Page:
Another Covid catastrophe has knocked the wheels off the TCR Australia Series and put uncertainty back into the Supercars season.
Karting has managed to dodge the impact of the latest snap lockdown in Victorian, and the knock-on restrictions on entry to Queensland, but top-level racing is reeling again.
The second of the pre-season Supercars tests, at Winton, has been moved back three days but with fingers crossed that there will no no extension to the Melbourne restrictions.
The TCR Australia event planned for Phillip Island, as the start of a series of two-plus-four events combining cars with bikes, has been postponed but Motorsport Australia has not confirmed a new date.
Critically, Supercars organisers are fretting over the potential impact on the season opener at Bathurst from February 26-28.
“Due to the recently announced five day, state-wide lockdown in Victoria, Supercars has rescheduled the planned test day in Winton to Friday, 19 February 2021. Further information will be provided once arrangements have been finalised,” is the only official news from Supercar headquarters.
The change to the Victorian test was confirmed while the Queensland pre-season hit-out was underway, prompting a range of speculation and re-scheduling of flights for Supercars technical staff who had already been booked on flights for the Winton test.
Motorcycling Australia and Motorsport Australia are more open about the postponement of the upcoming Australian All Wheels Race Fest at Phillip Island, scheduled for February 18-21.
“The health and safety of all those who would be part of the event has to be our priority and unfortunately race meetings like this cannot just be turned on and turned off in 24 hours,” said Michael Smith of Motorsport Australia.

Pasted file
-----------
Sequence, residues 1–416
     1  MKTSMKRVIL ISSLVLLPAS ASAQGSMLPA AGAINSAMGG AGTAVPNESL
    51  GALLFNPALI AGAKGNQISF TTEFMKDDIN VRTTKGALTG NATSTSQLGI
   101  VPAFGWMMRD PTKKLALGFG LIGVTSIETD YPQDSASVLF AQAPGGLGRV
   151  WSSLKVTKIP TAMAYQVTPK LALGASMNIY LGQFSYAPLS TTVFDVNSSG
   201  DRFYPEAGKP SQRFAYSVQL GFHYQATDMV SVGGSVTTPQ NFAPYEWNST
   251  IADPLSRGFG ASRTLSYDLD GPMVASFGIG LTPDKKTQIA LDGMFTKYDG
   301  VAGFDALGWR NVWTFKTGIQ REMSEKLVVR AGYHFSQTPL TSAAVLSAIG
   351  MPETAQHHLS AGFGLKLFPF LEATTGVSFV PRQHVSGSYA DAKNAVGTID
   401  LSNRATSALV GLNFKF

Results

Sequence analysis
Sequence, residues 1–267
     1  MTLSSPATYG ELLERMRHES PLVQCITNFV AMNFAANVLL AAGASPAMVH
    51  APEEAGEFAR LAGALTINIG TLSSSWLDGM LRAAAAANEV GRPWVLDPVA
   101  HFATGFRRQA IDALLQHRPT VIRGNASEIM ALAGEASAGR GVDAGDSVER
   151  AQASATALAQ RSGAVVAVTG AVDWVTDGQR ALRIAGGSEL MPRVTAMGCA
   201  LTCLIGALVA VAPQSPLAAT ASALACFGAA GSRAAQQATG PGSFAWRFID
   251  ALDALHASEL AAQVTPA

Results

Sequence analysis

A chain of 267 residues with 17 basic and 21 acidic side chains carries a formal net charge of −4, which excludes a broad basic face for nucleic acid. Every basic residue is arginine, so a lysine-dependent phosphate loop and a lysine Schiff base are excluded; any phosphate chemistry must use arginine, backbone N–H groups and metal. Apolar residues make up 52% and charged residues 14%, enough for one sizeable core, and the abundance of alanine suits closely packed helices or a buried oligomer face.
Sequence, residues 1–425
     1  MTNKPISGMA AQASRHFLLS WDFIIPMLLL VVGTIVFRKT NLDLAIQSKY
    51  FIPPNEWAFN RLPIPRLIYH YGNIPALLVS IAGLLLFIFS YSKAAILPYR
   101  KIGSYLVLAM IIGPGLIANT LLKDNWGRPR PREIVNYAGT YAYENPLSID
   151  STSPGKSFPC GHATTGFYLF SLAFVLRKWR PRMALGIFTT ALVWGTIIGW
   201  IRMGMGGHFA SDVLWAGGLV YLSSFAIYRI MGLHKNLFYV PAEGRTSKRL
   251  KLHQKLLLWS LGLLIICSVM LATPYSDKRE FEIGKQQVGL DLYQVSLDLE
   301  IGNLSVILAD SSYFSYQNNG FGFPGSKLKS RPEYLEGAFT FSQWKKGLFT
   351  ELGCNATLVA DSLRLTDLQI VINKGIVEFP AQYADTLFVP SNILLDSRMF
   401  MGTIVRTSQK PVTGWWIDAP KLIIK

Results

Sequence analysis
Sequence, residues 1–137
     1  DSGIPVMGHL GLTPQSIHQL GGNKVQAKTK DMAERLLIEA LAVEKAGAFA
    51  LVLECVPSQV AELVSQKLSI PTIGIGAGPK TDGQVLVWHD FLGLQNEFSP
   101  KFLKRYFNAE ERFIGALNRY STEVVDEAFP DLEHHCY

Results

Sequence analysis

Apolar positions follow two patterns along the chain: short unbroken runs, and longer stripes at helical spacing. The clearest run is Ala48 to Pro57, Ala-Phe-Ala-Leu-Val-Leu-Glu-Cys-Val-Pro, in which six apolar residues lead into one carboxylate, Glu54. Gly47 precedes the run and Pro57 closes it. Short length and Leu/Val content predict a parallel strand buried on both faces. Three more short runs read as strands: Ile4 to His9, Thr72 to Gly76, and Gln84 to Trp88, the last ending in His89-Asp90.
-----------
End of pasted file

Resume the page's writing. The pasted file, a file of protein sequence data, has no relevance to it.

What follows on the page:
The postponement comes as a big hit after the TCR Australia Series, which was to headline the meeting, failed to register a race during 2020.
TCR cars have run twice this year in Tasmania and Motorsport Australia is confident its next event, at Bathurst over the Easter weekend and including the 6-Hour race for production cars, will not be affected by the Covid closure.
The Australian Racing Group, promoter of TCR as well as S5000 and Touring Car Masters, is pushing ahead with its Bathurst plans and also working with Motorsport Australia on a fresh date for the Phillip Island event.
“Work will begin shortly to see if an alternative date is possible for this unique event which brings together a spectacular race event of both two and four wheels,” said Smith.
In contrast, and following significant changes to its calendar last year and into 2021, Karting Australia is pushing ahead with its title opener at Willowbank on February 19-20.
“The decision to proceed with the event is not a decision that we have taken lightly. We have taken all the prevailing circumstances into account and have planned for this eventuality,” said Kelvin O’Reilly, CEO of Karting Australia.
“I know that Drivers who reside in or who have visited Greater Melbourne since 9 February and who have not entered Queensland before 1am tomorrow morning (Saturday 13 February), will be disappointed that the Queensland Government decision means that they cannot race at Round 1. I also know that others will be happy that their plans will not be disrupted.”
But O’Reilly said the karting championship should not be affected.
“The points structure for the championship has been altered for 2021 to cater specifically for such situations with drivers able to miss a round of the championship and not affect their championship standing.”